I agree with Mr Lawrence Loh Kiah Muan that there should not be a quota for female directors on the boards of listed companies ("Base board appointments on merit, not gender"; Monday), as there is no true benefit or value in such affirmative action.
A board of directors serves to safeguard the company's interests and ensures its stakeholders are well protected.
A person who is "forced" to join the board without any understanding of the position or the demands of such a role could even face criminal action.
There has been no conclusive study that shows a positive correlation between a person's views and the person's gender.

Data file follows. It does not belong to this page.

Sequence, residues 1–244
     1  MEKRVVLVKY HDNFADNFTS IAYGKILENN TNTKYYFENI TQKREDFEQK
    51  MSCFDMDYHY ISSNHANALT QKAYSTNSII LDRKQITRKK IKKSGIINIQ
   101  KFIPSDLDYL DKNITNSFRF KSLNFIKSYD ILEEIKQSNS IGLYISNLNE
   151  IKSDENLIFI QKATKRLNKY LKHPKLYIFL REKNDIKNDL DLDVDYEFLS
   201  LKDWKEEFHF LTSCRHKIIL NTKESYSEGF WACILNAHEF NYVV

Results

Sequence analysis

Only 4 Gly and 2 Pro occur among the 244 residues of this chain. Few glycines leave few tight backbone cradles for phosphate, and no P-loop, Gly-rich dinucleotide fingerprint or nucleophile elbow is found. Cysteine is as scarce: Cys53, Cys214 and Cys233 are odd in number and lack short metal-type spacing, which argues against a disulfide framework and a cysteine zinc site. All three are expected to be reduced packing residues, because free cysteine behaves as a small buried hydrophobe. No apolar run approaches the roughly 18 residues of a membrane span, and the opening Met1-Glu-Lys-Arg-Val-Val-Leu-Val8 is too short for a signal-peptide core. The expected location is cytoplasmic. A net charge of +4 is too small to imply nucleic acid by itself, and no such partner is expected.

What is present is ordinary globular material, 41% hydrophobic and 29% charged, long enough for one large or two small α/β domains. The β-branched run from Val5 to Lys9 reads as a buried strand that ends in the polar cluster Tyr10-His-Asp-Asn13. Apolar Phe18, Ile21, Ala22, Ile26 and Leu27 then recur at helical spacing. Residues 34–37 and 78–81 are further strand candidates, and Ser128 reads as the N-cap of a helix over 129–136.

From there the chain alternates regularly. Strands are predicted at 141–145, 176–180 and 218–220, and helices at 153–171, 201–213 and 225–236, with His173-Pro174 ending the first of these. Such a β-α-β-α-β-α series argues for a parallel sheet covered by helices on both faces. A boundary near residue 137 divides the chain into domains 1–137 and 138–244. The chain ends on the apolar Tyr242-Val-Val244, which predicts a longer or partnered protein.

What is necessary is for the person to be able to understand the workings and purpose of the organisation.
For example, the board of the Association of Women for Action and Research (Aware) is made up of only females.
I do not suggest that no man can ever understand the intricacies of women's welfare. However, it may well be that Aware's members found that females are in a better position to understand the issues that women face and are better able to contribute to the organisation.
Adopting affirmative action would only cast a shadow on women who have achieved directorships on their own merits.
Singapore has always prided itself on being a meritocracy. Affirmative action goes against this fundamental Singaporean value.
Aloysius Liu Cheng Han
This article was first published on Sep 11, 2014.
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